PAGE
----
Dancers Are Not Deaf (Yet)

en in dance • 4 min read

I wanted to write this post for a very long time. And by a long time, I mean BC, or before corona. But before I got to it, the global pandemic happened, and it was not a hot topic anymore. I had plenty of time but no reason to write it up. Until we got lovely summer and everyone forgot about the presence of a nasty virus. It took me some time, but I also went dancing a bit, and it was even more hot topic for me than before, and I still had time for writing!

Unfortunately, I did not finish my post. I wrote the first draft, and my wife told me that it was too harsh. I accepted the feedback and put it aside so that I could sleep on it. You guess it right: when I woke up, we all were in some kind of lockdown again. Many times even more strict one than the first one, and I had no reason to continue on the draft. Who would have guessed it would take another year to get back to it!

Anyway, after another year of no dance, Lenka and I attended the first larger salsa event in the past two years. It’s really delightful to see salsa friends and be on the dance floor again. Yet, there are some things I didn’t miss at all. And Lenka even more, because she told me right after the first night: no changes, publish it!

We don’t like loud parties. I have two main reasons for that. One is the need to shout at people when chatting when the music is too loud. That means voice issues day, or even days, after the party, depending on the ratio of dancing and socializing. Lenka talked to people on Friday a lot (she was curious about what happened in those past two years), and therefore couldn’t speak the next few days much. On the other hand, on Friday, I wanted to dance mostly, so I was fine on Saturday, talked much more later during the weekend, and ended up with a lousy voice till Tuesday.

The second reason is that loudness causes uncomfortable ringing in the ears. It’s a very annoying feeling. Sometimes even unpleasant. Mostly when I want to sleep, but I still hear it, and it doesn’t want me to fall asleep.

As I said, I wanted to write this post a long time ago. That means I noticed this issue already back then, even though I was kind of used to that. But thanks to unfortunate coronavirus and lockdowns, I had time to adjust to a natural loudness. Going to the party after months of being home was a bit of pain. That’s why my original draft was too harsh on DJs. Yet I didn’t know it could be even worse after a year without a party, or two without a big party.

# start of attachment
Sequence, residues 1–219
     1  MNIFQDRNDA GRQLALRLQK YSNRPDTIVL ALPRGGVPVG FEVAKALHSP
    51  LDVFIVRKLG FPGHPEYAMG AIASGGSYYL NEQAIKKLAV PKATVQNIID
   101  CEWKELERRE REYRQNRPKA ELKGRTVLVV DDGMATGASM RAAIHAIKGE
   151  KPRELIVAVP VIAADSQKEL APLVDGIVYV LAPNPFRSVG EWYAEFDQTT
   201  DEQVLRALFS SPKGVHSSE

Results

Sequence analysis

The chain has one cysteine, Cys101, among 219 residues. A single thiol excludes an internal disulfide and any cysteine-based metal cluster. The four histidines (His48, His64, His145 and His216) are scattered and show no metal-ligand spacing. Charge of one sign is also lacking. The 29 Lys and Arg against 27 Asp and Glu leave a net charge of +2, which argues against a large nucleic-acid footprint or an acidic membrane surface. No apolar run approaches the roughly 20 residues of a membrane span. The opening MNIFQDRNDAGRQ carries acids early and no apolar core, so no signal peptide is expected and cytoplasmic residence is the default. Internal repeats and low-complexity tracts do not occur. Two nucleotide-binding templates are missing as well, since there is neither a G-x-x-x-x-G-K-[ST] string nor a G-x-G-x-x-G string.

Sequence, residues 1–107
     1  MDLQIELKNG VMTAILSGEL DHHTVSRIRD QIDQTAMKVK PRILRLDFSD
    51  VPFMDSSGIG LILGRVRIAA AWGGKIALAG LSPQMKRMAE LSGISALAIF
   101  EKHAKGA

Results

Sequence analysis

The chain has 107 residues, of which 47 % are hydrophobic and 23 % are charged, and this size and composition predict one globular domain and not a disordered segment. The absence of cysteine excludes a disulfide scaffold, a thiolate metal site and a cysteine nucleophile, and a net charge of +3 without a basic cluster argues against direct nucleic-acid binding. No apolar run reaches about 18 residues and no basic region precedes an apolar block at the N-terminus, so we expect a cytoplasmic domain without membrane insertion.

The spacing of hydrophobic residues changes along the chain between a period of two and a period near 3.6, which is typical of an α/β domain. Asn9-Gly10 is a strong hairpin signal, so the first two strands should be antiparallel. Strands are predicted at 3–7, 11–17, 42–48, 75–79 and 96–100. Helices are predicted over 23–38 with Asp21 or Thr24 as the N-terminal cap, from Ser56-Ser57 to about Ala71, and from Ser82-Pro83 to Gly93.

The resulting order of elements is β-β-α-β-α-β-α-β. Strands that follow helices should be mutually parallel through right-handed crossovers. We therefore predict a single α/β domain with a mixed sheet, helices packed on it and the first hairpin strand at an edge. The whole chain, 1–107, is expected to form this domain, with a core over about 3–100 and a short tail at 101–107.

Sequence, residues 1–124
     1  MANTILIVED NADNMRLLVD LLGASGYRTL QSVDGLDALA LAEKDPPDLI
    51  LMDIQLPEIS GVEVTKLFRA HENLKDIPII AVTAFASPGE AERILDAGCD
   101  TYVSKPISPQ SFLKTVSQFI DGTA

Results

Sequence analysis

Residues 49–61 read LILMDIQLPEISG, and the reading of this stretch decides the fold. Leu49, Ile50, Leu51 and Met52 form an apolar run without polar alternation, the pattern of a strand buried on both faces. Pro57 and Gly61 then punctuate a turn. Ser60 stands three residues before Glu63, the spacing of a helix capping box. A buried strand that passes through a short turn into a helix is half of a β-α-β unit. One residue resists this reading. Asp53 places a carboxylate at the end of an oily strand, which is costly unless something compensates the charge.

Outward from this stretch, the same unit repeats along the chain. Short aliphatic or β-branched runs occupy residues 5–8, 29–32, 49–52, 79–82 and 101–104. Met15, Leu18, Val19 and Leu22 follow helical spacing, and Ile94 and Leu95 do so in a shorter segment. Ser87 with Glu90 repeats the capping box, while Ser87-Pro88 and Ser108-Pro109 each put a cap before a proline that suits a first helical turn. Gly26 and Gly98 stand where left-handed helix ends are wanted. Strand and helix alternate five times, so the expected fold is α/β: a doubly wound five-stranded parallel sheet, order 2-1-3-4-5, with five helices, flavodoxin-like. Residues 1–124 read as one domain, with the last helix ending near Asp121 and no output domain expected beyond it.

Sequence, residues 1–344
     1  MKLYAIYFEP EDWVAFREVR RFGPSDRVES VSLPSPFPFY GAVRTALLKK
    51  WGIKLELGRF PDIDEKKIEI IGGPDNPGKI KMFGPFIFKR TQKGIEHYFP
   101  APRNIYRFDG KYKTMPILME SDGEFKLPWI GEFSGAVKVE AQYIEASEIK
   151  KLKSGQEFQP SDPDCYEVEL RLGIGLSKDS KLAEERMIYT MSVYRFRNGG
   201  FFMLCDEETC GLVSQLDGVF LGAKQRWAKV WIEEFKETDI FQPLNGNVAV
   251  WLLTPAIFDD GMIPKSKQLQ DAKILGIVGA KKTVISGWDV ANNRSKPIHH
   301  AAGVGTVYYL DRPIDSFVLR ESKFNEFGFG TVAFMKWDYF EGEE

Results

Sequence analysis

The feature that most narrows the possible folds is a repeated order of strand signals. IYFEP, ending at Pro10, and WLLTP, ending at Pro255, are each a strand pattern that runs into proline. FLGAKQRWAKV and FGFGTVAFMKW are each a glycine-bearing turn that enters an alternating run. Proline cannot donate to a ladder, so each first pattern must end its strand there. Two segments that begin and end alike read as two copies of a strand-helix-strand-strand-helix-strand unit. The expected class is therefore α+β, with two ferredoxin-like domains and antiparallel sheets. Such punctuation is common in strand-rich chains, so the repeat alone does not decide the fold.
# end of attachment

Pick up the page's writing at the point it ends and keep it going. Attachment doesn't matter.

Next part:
Sadly, DJs are probably unrepairable broken. Even this pause didn’t help them to have a more natural feel of loud music. I understand it must be hard to be a DJ working so many nights at such noisy places. I do not envy that at all. But, please, do not think you need to turn up the volume. You don’t. We are not deaf, and we can hear it just fine.

Some sensitive dancers have to wear earplugs. I think that once the first person opens earplugs, it’s way too loud. This shouldn’t be the norm at all. Moreover, with earplugs, we cannot talk. And without talking, there is no social. And without social, what’s the reason to go out to salsa socials?

Sometimes I hear that the party is missing its vibe without loud music. I don’t think that. I guess disco clubs are about loud music. You don’t want to talk there; people go to a disco party to get wasted. But salsa party is different. I go to a salsa party to have fun on the dance floor and chat with friends.

During the last salsa marathon in Prague, I mostly danced and smiled only. Sometimes I didn’t even know to what I was smiling to. I didn’t hear it, and I find it awkward to ask to repeat something several times every single time. It’s sad. I would be much more curious about the stories of my friends.

I organized (yeah… maybe I will get back to it one day, but I don’t want to deal with dynamic covid restrictions) a salsa brunch, where I talked more than anywhere else. I could hear others, and it had no harm to the dance floor—people were dancing and having fun.

There is genuinely no need to turn the volume up.

Dancers are not deaf. Not yet.

DJs, please, keep it that way. Be respectful.

And dancers, please don’t hesitate to ask DJs to be reasonable when you cannot even hear yourself. It’s not OK.








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en Relationships and Salsa, August 5, 2018
en Why Do You Dance?, June 18, 2017
en What’s Wrong With Salsa Festivals, May 2, 2018
en Afternoon Dancing, September 18, 2018
en Dancers, Don’t Be Sorry, February 18, 2018

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